Israel promises to lobby against ‘bad’ nuclear deal between US and Iran
This comes as US President Obama seeks to convince Capitol Hill hard-liners to go forward with negotiations with Iran and not to impose new sanctions.
“Before the talks resume, we will lobby dozens of members of the US Congress to whom I will personally explain during a visit beginning on Tuesday that Israel’s security is in jeopardy,” Israel’s economy minister, Naftali Bennett, said on Israel Army Radio.
His comments came after Iran and other world powers, the P5+1 group, failed to resolve their differences over the country’s nuclear program over a three-day negotiation period in Geneva. The discussions will begin again on November 20.
The US, Iran, and others in the international community have admitted that the three days of peace talks have yielded significant progress, though Bennett said that Israel continues to have “differences” with the Obama administration on the issue.
“If in ten years an atomic bomb hidden in a suitcase explodes in New York, or a nuclear missile hits Rome, one could say it is because of concessions that would have been made” to Iran, Bennett continued.
The P5+1 is made up of the permanent members of the United Nations Security Council - Britain, China, France, Russia, and the US - plus Germany. The group has repeatedly asserted that Tehran intends to develop a nuclear weapon - a claim which President Hassan Rouhani and other Iranian leaders have steadfastly denied.
Israel, a close American ally, has maintained that Iran must be prevented from developing nuclear capability at all costs, even threatening a pre-emptive military strike to stop such research. Israeli Prime Minister Benjamin Netanyahu, who considers Tehran’s acquiring of weapons of mass destruction an existential threat, has come increasingly at odds with US overtures towards Iran’s newly installed moderate leader.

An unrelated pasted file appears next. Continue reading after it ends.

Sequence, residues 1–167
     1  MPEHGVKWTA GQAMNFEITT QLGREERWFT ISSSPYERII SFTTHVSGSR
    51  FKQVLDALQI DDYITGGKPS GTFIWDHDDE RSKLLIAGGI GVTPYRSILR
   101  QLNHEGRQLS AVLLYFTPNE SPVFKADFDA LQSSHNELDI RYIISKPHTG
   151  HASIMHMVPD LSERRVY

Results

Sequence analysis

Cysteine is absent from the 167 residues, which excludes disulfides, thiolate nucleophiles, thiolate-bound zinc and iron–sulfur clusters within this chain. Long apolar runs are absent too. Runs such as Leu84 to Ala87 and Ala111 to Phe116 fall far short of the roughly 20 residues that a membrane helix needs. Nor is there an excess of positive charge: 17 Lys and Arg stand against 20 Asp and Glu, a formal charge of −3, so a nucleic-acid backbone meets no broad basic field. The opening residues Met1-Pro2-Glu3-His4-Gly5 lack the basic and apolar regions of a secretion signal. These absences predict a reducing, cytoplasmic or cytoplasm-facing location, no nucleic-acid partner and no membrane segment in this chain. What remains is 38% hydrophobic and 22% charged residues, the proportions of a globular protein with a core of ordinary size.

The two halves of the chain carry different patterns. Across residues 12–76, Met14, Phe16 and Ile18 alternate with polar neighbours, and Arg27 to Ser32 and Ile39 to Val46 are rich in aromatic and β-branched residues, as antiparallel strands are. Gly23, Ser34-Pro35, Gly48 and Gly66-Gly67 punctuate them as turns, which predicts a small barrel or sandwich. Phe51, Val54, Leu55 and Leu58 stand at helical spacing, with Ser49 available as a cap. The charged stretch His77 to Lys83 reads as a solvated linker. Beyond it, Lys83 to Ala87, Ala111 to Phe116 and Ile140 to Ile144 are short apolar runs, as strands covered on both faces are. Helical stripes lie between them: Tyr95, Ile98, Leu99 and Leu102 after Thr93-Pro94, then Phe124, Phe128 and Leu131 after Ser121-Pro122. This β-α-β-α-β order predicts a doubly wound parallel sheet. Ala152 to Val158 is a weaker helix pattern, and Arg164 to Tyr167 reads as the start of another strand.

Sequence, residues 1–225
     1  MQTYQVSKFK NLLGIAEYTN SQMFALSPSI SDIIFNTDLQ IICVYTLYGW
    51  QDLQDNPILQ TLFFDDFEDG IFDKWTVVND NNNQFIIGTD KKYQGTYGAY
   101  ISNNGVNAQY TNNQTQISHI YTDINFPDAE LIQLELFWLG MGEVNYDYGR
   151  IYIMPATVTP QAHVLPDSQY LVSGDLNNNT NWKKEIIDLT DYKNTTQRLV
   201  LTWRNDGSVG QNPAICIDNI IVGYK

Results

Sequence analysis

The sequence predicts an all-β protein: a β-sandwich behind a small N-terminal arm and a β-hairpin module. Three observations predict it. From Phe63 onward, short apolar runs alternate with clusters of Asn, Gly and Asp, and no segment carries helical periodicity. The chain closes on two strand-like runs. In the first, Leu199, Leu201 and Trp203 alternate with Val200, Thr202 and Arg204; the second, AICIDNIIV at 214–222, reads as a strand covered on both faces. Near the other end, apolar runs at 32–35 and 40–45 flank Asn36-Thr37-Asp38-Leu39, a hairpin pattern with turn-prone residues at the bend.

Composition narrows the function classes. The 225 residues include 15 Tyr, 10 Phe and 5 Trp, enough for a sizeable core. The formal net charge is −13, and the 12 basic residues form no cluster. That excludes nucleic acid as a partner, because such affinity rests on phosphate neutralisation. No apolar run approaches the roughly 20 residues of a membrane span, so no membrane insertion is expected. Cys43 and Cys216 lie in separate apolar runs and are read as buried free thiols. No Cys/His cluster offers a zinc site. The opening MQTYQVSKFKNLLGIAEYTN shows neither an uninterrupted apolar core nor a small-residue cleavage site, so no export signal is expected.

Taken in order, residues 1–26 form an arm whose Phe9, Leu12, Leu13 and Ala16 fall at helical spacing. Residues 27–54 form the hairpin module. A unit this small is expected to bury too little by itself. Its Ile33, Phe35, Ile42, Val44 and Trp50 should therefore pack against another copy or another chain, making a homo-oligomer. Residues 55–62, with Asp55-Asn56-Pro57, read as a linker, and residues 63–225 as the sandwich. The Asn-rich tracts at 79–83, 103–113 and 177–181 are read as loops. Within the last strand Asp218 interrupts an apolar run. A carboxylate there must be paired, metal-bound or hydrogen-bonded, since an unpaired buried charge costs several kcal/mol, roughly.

“If we have no choice we will act – that’s why Israel has an air force,” Israeli deputy defense minister Danny Danon told Israel Army Radio on Sunday. “In another two and a half years there will be someone else in the White House, but we will still be here.”
It is well-known throughout Washington that Obama is seeking a deal with Iran. Such a result could help his legacy at a time when he is facing criticism for his handling of the Syrian crisis, as well as a flawed introduction of his signature health care program and revelations of mass surveillance by the National Security Agency.
Leading the president’s effort is US Secretary of State John Kerry. The top US diplomat is expected to brief Senate members before they vote whether to impose new economic sanctions on Tehran. Sanctions imposed in 2012 by the US and European Union have cut Iranian oil exports by approximately one million barrels each day, slashing billions of dollars from Iran’s income while increasing unemployment.
“It is our feeling that addition sanctions right now will have the potential to derail the diplomatic agreement and would give Iran the opportunity to actually achieve sanctions relief by dividing the international coalition,” a Senate aide told Reuters in what is expected to be a preview of Kerry’s comments.